U.S. Rep. Phil Hare’s use of the word “veteran” to describe his military service has angered some local military veterans who say he’s improperly taking on the title.
However, a survey of advocacy groups, lawyers and government officials shows that there’s no standard definition of the word.
In fact, while Hare’s service doesn’t appear to meet the basic legal definition of “veteran” used by the U.S. Department of Veterans Affairs for the purpose of receiving benefits, some of the largest veterans organizations in the country say he’s properly using the word when referring to his own service.
A notable exception: the largest organization representing Vietnam veterans, which takes a different view.
The debate over Hare’s use of the word “veteran” has been a topic of conversation on some conservative websites for about a week, sparked by a Memorial Day encounter between Hare and a Moline veteran.
“It’s insulting not just to me but to all those thousands of veterans who served,” said Hare, who served in the U.S. Army Reserves from 1969 to 1975.
But Ken Moffett of Moline, a Vietnam veteran, says he’s the one who’s offended.
“As veterans, we take our service seriously,” Moffett said.
“It’s very disturbing to me that he would now steal the valor of veterans,” said Bill Albracht, another Vietnam veteran.
The men say a person must have served 180 consecutive days of active duty to qualify for the term.
Both are part of a veterans group backing Hare’s Republican opponent, Bobby Schilling.
Hare, who has sent at least one mailing to constituents using the term to describe himself, said his unit was never called to active duty. He’s also said he never claimed to be entitled to veterans benefits, nor does he want them.
Still, in an interview, he said he deserves the title.
“I consider myself a veteran. I consider everybody that served during that era, all those years or any of them, a veteran,” he said.
Hare’s official biography refers to his service in the Army Reserves but doesn’t use the word “veteran.” His campaign biography says he’s a “veteran of the Army Reserves.”
What is a veteran?
In truth, there is no single definition of the word “veteran,” according to government officials, veterans organizations and lawyers.
The federal government, states and even local governments employ a patchwork of definitions to establish eligibility for certain benefits.
“It varies from program to program and from state to county to federal,” said Jeff Thompson, a public affairs officer for the Department of Veterans Affairs.
The department refers to the federal code in saying a veteran is someone who has served in the “active military, naval, or air service” and who wasn’t dishonorably discharged.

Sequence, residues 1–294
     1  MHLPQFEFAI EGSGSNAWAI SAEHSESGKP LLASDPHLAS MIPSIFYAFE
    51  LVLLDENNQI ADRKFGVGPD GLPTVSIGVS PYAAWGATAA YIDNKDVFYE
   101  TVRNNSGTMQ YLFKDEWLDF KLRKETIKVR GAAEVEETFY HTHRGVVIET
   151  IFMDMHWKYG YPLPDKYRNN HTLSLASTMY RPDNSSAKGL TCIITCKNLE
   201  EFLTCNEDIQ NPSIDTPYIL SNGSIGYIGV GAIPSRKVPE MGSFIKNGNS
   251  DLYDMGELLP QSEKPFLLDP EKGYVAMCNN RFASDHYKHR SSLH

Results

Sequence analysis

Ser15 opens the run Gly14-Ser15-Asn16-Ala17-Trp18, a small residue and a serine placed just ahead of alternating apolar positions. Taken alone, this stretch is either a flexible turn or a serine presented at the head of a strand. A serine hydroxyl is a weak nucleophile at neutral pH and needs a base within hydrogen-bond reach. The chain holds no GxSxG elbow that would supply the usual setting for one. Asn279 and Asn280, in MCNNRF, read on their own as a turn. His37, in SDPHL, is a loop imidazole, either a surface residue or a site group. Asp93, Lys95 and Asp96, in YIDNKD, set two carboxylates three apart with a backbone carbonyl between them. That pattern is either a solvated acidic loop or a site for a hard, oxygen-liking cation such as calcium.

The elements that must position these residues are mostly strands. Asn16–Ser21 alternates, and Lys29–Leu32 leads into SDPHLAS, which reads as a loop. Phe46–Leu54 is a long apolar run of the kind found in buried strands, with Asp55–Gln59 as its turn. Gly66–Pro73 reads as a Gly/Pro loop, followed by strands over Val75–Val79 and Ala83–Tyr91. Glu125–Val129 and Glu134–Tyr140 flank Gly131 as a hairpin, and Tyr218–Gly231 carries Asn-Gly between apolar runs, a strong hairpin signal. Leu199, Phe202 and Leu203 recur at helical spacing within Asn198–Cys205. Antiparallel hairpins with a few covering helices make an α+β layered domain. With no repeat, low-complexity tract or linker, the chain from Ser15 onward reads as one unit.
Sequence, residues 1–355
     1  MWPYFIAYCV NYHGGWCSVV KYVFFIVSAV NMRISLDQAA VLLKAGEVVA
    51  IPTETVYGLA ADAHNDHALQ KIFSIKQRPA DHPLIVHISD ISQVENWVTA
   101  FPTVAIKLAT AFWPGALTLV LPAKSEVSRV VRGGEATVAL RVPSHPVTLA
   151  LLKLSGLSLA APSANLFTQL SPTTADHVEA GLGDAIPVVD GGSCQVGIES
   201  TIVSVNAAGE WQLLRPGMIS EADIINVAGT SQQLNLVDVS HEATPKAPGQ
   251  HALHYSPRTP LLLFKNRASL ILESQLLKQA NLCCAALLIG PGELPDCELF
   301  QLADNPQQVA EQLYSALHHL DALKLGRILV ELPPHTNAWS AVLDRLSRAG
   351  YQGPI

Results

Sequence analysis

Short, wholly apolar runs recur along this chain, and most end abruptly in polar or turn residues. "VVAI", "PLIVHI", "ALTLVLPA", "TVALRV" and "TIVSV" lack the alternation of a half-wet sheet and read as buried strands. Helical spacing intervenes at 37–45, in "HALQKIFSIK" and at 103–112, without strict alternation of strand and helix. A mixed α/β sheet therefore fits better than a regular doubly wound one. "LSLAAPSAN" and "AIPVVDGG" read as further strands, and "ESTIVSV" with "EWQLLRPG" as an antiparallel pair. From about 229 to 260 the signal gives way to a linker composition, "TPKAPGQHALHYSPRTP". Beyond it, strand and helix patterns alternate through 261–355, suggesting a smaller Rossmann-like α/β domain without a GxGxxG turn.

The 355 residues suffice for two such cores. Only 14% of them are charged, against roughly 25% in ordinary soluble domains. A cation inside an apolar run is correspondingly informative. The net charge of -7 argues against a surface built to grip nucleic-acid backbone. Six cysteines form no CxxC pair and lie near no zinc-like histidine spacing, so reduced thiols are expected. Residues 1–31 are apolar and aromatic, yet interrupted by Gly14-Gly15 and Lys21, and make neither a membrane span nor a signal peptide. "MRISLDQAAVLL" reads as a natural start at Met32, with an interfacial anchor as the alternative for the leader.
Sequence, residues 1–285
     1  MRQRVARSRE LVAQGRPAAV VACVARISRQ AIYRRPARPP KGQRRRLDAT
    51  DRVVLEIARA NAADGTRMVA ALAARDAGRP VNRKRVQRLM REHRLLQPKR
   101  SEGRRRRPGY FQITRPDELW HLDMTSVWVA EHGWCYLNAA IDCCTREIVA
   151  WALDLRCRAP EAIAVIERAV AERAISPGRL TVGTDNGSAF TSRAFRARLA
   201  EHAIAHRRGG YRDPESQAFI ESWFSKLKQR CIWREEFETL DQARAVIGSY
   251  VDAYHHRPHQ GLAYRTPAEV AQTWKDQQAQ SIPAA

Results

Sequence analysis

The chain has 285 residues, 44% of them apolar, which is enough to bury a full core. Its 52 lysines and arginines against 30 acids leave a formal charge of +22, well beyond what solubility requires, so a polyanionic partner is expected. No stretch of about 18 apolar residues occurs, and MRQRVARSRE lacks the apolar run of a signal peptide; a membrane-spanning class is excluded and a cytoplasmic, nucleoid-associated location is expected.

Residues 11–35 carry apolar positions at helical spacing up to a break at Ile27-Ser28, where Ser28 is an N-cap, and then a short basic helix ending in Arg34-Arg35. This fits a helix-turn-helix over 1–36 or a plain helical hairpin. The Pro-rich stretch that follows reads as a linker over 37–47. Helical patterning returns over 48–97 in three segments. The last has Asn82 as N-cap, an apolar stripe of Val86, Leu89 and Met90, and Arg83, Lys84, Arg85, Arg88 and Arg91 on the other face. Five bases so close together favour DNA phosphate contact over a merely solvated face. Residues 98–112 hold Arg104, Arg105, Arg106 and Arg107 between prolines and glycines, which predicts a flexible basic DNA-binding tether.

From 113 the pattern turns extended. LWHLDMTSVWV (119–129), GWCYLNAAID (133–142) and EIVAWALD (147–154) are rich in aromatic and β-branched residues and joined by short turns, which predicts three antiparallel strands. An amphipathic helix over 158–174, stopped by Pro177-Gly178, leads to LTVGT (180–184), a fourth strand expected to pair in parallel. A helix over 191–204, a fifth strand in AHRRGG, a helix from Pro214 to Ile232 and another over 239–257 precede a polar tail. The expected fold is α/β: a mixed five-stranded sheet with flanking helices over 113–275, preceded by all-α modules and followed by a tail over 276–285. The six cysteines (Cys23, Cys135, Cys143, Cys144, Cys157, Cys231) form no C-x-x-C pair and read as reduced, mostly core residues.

“Active duty” does not include training, according to the VA, except in certain cases, such as in the event of a death or service-related injury.
At the same time, there are instances in which veterans might qualify for VA benefits but not preferential treatment established by state or local governments.
For example, Iowa law provides a real estate tax exemption for men and women who have a served day of wartime service, but not for those who served in peacetime, even if they’re in the active military, Thompson said.
Groups differ on definition
Advocacy groups differ on the definition, too.
A spokesman for the Reserve Officers Association of the United States says that reservists, no matter their length of time in uniform, deserve the title.
“For that six-year period, whether they were called up or not, they were at the ready,” David Small said. “They were standing by in case their country needed them.”
The association backs pending legislation that would add National Guard and Reservists with 20 years service to the Department of Veterans Affairs’ basic definition of the term veteran.
Officials at the Veterans of Foreign Wars and American Legion had much the same opinion.
“What was his time in the military, in the Reserve force, what would that be called? It doesn’t count for anything? It doesn’t count for service?” said Jerry Newberry, a spokesman for the Veterans of Foreign Wars. “He served in the U.S. military. That makes him a veteran of the U.S. military.”
Joe March, a spokesman for the American Legion, said: “Anyone who serves honorably in the uniform of the Armed Forces of the United States is a veteran.”
An official at the Vietnam Veterans of America said Hare has been extraordinarily supportive of veterans.
But he said to be considered a veteran by his group one must have 180 days of active duty service, not including training, or have been medically discharged as the result of a service-related injury.
“Then you’re a veteran,” said Rick Weidman, executive director of policy and government affairs for the group.
Albracht and Moffett complain that some people joined the Reserves during that time to avoid having to go to Vietnam, including Hare.
In a statement issued last week, Schilling, who did not serve in the military, said that Hare served honorably and the campaign didn’t consider it an issue.
However, in part of a statement posted to his campaign website June 1, Schilling said there were men and women who did not want to go to Vietnam and who enlisted in the Reserve.
“Mr. Hare served honorably in the U.S. Army Reserve, presumably for that reason,” it said. The statement was on the website until Friday.
Hare calls the claim offensive.
“He diminishes my service and the people I was in with,” he said.
Schilling’s campaign manager, Terry Schilling, said Friday the campaign did not draft the remarks, Albracht did, and they do not reflect its views.
The remarks were removed from the website Friday.